1992, PG, 80 min. Directed by Alan Rudolph. Starring Matthew Modine, Lara Flynn Boyle, Tyra Ferrell, Marisa Tomei, Tate Donovan, Kevin J. O'Connor, Lori Singer, Gailard Sartain, M. Emmet Walsh, Fred Ward.
REVIEWED By Marjorie Baumgarten, Fri., Sept. 10, 1993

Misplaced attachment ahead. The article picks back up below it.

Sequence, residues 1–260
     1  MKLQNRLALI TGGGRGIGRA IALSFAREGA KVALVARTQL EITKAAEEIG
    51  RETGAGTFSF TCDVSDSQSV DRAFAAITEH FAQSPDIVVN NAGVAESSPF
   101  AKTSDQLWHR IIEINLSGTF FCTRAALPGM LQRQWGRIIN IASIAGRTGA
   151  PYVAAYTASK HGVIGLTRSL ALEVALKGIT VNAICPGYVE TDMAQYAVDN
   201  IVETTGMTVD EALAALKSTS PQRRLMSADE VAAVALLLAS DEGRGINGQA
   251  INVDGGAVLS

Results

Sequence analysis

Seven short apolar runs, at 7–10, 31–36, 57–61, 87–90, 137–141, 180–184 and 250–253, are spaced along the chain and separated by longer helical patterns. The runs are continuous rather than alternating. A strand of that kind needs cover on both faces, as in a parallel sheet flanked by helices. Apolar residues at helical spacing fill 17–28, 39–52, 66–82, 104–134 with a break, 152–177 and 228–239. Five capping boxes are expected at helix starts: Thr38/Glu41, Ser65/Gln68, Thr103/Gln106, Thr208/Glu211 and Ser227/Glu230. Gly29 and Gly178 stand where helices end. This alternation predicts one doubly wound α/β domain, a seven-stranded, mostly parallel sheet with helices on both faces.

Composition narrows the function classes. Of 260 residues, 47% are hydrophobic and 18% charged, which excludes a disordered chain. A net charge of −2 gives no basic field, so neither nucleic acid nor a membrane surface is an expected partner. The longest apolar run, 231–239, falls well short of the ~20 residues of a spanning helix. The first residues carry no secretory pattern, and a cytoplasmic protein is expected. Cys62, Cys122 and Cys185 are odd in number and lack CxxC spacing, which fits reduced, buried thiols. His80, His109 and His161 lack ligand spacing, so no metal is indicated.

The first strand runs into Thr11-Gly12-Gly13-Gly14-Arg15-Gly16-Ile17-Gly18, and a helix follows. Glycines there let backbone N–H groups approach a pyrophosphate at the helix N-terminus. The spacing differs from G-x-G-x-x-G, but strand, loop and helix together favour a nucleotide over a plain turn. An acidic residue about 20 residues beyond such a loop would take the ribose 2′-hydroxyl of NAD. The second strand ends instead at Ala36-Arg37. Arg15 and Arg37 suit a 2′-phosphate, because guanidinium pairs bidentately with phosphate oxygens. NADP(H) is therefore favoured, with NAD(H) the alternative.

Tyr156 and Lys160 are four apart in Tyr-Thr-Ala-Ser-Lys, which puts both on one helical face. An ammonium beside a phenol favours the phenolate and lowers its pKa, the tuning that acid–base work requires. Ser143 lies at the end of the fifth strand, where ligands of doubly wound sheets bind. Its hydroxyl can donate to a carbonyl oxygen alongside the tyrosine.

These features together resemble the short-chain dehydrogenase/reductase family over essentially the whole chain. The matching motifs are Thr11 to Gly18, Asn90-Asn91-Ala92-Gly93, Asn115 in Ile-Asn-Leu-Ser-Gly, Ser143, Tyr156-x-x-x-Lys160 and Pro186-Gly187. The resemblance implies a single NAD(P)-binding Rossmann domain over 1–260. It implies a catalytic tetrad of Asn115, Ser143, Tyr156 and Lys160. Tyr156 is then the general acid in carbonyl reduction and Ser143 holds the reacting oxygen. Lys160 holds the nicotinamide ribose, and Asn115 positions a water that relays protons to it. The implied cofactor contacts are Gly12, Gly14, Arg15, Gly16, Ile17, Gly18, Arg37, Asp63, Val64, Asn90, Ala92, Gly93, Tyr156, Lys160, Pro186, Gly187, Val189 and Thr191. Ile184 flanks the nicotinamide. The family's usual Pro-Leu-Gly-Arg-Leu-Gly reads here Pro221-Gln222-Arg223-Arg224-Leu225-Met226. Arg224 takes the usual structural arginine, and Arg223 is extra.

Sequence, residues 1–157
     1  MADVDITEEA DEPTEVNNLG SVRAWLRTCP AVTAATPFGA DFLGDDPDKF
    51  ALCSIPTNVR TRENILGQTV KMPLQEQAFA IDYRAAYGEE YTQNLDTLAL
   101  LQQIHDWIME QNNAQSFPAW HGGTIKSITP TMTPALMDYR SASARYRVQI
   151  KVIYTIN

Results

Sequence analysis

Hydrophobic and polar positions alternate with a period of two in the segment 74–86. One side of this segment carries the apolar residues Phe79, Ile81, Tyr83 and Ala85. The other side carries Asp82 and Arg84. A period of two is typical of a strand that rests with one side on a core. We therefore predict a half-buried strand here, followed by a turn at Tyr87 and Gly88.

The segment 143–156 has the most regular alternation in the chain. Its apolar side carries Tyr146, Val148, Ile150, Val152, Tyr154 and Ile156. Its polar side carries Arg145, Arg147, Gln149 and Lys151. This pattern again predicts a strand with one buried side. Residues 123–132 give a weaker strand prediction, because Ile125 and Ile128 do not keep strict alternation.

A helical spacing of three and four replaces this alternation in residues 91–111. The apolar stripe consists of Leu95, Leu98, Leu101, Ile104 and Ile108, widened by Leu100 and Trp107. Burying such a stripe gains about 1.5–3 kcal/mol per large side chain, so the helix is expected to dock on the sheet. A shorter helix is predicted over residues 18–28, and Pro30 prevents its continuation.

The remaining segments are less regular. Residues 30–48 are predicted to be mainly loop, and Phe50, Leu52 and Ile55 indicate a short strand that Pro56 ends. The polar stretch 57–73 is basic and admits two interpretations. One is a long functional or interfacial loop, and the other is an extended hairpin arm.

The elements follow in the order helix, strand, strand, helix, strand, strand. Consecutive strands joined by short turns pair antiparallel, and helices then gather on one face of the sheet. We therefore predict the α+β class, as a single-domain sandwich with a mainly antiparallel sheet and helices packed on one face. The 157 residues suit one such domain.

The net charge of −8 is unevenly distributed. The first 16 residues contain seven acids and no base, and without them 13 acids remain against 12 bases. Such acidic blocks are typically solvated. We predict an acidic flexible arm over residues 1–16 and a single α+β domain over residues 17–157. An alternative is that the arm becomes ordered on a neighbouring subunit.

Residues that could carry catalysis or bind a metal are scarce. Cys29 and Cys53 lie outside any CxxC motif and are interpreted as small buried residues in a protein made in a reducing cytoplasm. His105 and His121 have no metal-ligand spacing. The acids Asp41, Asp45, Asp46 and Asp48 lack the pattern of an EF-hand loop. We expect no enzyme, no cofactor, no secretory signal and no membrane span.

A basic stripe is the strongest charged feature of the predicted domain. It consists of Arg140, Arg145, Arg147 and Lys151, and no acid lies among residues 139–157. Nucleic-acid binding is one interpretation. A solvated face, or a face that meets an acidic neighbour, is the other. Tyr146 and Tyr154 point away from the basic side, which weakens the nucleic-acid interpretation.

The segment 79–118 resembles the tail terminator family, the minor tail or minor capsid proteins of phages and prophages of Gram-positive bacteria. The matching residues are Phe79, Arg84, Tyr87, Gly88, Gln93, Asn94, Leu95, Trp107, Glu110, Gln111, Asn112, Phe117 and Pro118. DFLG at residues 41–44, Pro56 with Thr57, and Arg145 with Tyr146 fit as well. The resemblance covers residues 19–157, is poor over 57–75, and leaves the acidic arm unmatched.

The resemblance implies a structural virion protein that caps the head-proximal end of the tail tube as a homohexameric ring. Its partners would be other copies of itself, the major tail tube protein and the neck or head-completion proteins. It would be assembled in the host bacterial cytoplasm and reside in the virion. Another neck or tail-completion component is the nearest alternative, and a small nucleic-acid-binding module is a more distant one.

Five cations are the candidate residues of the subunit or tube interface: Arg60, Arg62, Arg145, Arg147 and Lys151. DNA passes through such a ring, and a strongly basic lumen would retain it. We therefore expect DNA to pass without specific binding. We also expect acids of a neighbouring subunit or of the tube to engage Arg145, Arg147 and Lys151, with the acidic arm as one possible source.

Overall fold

Equinox is a movie in the process of becoming a story. It is alternately frustrating, exciting, irritating, intriguing, isolated and involving. Like the dualities implied by the word “equinox,” this movie is a constellation of elements that amounts to little without the participation of an audience. Equinox provides pieces of a story, each viewer provides a meaning. Departing from the conventionally escapist form of filmed storytelling, director Rudolph (Roadie, Songwriter, Mortal Thoughts) and cast create kernels of reality that we can then channel into coherence. As the movie opens, we trustingly follow it as it leads us through several disparate sequences that introduce us to different characters, locations, predicaments and situations. None of it seems to obviously connect with the sequences around it. Yet it all shares this odd mood and tone that unites the various storylines into one consistent universe. In that universe, everything is slightly off-kilter or, maybe, hyper-real. It's hard to put your finger on the quirks that make this world distinct because, at the same time, it is abundantly familiar. (One of Rudolph's trademarks as a director is his ability to create encapsulated realities as in Welcome to L.A., Choose Me and Trouble in Mind). Set in a fictional metropolis called Empire, the city is an architectural combination of old and new and a spiritual blend of violent menace and wide-eyed possibilities. Omnipresent Lotto advertisements also connect the sequences in a vaguely sinister manner. Then we begin to notice that Matthew Modine is playing two different characters who are, in fact, polar opposites of each other. And, probably, that has something to do with Tyra Ferrell's morgue attendant/would-be writer who is researching a decades-old mystery about separated twins. Its genesis is a random letter that appears in the morgue on the body of a Jane Doe corpse. Ferrell smells a potential story in the letter's contents, all she needs is to find the characters -- who, of course, are involved in entirely different life stories and unaware of the alternate reality posed by the letter. The movie goes on like this as we, along with the characters, try to find meaning and substance in their lives. Viewer enthusiasm for this type of interactive storytelling may vary. It is certainly not easy or passive or mindlessly entertaining. It is not even always rewarding. Yes, there are puzzles to be solved but the process must become part of the pleasure, along with the answers. The process must irritate like an aphrodisiac that creates unquenchable desires. Equinox's only real trouble -- and it may be something endemic to this type of storytelling -- is that it can't figure out how to conclude itself (or, maybe, with this type of storytelling, the difficulty is really my own and not the movie's failure). Still, the last quarter of the movie feels hastened towards climax and, personally, I wish that any other image had been substituted for the movie's closing shot. As is, the image is too much of a visual cliché to be the wrap-up for such an original work. But at least it conveys the sense of Modine's sheepish character finally stepping into the leading role in the movie of his life.